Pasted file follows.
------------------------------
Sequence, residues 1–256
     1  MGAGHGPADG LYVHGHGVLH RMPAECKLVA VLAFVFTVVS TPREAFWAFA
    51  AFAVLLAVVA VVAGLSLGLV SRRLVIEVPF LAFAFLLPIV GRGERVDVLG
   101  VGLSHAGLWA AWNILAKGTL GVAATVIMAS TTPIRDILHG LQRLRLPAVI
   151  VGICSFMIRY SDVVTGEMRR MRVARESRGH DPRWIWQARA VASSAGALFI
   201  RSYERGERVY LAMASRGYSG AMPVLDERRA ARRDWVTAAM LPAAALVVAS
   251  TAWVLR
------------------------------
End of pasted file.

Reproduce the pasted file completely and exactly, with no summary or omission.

Sequence, residues 1–256
     1  MGAGHGPADG LYVHGHGVLH RMPAECKLVA VLAFVFTVVS TPREAFWAFA
    51  AFAVLLAVVA VVAGLSLGLV SRRLVIEVPF LAFAFLLPIV GRGERVDVLG
   101  VGLSHAGLWA AWNILAKGTL GVAATVIMAS TTPIRDILHG LQRLRLPAVI
   151  VGICSFMIRY SDVVTGEMRR MRVARESRGH DPRWIWQARA VASSAGALFI
   201  RSYERGERVY LAMASRGYSG AMPVLDERRA ARRDWVTAAM LPAAALVVAS
   251  TAWVLR